Some of the statements coming out of the White House such as the idea that more countries should get nuclear weapons or that climate change is a Chinese hoax may appear deranged but actually do constitute a real threat that needs to be vigorously opposed, says KEN LIVINGSTONE.
Donald Trump’s stances on two issues — climate change and nuclear weapons — illustrate clearly how reactionary and dangerous to us all his presidency is.
Despite the overwhelming scientific evidence that the world’s climate is changing, the president-elect has long been on the side of the deniers.
In fact, he has even said climate change is a hoax invented by the Chinese, tweeting in 2012 that China had devised this hoax in order to secure an unfair trade advantage: “The concept of global warming was created by and for the Chinese in order to make US manufacturing non-competitive.”
He also made a speech to business leaders saying he wanted to remove 75 per cent of all regulation and that environmental regulation was a particular problem — not only he would speed up getting environmental permits, but also that in most cases any development would be given a permit.
He has said he will rip up Barack Obama’s Climate Plan which represented the small measures Obama took in a positive directions.
Since 2012 Trump has said there may be some connection between human activity and climate change but the question is how much and, if this is a change of heart, it certainly isn’t affecting his policies in this area, which will be unmitigated disaster.
Already, in his short time in charge, he’s approved the Dakota pipeline and the Keystone XL pipeline that Obama said no to.
He’s also put a climate denier in charge of EPA (the Environmental Protection Agency) and a leading representative of the fossil fuel industry in the form of Rex Tillerson, of Exxon Mobil fame, as secretary of state.
And to top it all of he wants to pursue fracking.
Internationally, he’s threatened to exit the Paris agreement. The impact of this would be disastrous. Having the US on board is essential in trying to meet the goal of keeping the future increase in global temperatures below 2°C as the US is the second-leading emitter of greenhouse gases after China.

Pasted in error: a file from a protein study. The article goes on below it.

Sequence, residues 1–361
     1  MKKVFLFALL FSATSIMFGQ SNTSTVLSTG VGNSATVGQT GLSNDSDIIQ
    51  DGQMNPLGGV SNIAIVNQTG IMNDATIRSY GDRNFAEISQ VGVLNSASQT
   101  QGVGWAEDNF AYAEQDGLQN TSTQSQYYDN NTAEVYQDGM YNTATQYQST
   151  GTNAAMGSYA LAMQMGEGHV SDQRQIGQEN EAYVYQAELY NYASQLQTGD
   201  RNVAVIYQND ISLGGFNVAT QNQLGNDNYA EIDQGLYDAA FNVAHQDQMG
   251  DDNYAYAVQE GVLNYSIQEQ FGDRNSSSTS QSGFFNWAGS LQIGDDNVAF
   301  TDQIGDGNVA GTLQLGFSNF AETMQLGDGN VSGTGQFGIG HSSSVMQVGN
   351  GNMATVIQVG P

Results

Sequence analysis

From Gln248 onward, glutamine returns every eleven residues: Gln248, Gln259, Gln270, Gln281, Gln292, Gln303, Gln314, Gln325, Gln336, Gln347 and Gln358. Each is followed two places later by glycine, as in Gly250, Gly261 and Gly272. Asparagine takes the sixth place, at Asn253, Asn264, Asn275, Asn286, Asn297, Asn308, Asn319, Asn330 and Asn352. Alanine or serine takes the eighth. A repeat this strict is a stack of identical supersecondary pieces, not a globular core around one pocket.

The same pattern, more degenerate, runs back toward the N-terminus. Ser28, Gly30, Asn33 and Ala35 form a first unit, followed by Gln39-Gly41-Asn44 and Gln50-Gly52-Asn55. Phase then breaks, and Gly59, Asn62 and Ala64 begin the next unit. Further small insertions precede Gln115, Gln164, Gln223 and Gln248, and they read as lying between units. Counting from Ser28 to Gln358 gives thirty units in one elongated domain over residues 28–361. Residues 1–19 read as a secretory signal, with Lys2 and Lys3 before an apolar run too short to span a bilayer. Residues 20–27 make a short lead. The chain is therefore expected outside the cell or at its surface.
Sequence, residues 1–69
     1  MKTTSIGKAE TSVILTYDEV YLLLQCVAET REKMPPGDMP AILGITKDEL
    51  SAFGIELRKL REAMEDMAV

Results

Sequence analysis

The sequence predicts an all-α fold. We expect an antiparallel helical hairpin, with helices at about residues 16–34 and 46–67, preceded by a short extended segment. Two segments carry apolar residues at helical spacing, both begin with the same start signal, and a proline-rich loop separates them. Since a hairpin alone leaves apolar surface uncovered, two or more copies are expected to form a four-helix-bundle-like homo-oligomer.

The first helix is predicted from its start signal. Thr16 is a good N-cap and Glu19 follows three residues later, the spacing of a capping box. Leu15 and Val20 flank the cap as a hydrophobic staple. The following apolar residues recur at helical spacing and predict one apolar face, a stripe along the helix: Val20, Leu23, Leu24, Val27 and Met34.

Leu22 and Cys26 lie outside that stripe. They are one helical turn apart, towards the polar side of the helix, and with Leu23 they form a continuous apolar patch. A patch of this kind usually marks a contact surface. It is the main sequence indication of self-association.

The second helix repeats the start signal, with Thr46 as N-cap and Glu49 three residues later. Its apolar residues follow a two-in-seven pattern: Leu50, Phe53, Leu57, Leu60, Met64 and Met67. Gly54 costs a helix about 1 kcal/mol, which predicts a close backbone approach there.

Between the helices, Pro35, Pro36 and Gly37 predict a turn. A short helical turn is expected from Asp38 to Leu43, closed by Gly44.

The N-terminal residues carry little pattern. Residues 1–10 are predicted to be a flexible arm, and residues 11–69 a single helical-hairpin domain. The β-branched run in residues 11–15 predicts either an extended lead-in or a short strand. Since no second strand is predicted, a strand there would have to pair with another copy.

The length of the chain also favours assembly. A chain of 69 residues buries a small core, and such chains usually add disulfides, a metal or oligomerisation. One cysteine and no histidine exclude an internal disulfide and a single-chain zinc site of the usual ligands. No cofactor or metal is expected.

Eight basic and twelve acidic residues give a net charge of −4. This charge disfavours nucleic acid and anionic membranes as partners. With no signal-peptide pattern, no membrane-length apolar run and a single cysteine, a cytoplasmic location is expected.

Progressives need to be clear that this is not a technical matter. The difference between 1.5 degrees and 2 degrees warming, for example, is the difference between life and death for millions of people — mostly in developing countries.
And then we come to his stance on nuclear weapons and the possibility of a new arms race.
As Kate Hudson of CND recently put it: “In uncertain times the last thing anyone needs is the most powerful man on earth kicking off a new nuclear arms race. But that’s exactly what president-elect Trump did just before Christmas.”
Hudson was responding to Trump tweeting that “the United States must greatly strengthen and expand its nuclear capability until such time as the world comes to its senses regarding nukes.”
The scale of the US current nuclear arsenal is already astounding — it has 7,300 nuclear warheads and already has plans to spend over £282 billion modernising and maintaining them over the next 10 years.
As Hudson also said: “Some of these weapons are many, many times the size of the Hiroshima bomb, so the US already has the capacity to destroy all life on earth.”
There is then absolutely no need to further build up this arsenal of destruction, although perhaps hoping to get the Chinese to enter an arms race ties in with Trump’s overtly anti-China stances on the international stage.
Also, during the presidential election campaign, Trump promised to tear up the nuclear deal with Iran.
Again, this is no small matter. What is the alternative to this internationally negotiated deal to end sanctions and reduce nuclear facilities?
If Iran goes back to the nuclear route, what other countries may join them? Indeed, Trump has also said more countries should get nuclear weapons, saying he’d be OK about an arms race in Asia, mentioning Japan and South Korea.
And of course this also linked to the growing concern that Trump will be a president for war and George Bush style US-imposed “regime change.”
The now disgraced General Michael Flynn seemed to have had something of an axis of evil-style hit list when he said: “We’re in a global war, facing an enemy alliance that runs from Pyongyang, North Korea, to Havana, Cuba, and Caracas, Venezuela,” adding that “along the way, the alliance picks up radical Muslim countries and organisations such as Iran, al-Qaida, the Taliban and Islamic State.”
This could be funny if it wasn’t so worrying.
But we also need to be clear that there is an alternative — the opposition to Trump is growing in the US and around the world, including here in Britain, on a range of issues on a daily basis.
In Britain, Jeremy Corbyn showed real leadership on this issue, being the first national political figure to call on Theresa May to withdraw her offer to Trump of a state visit, saying: “Let no-one be in doubt that I will oppose and the Labour Party will oppose all those who fan the flames of fear at home and abroad and that the Labour party stands unequivocally with those demonstrating [against Trump] and will do so until we are victorious.”
Today in London, hundreds of activists are organising a summit to protest at Trump’s visit and on Monday thousands will be demonstrating again — let’s make sure protesting against Trump’s international agenda, alongside his fanning of the flames of fear, is at the centre of these actions.
First published in the Morning Star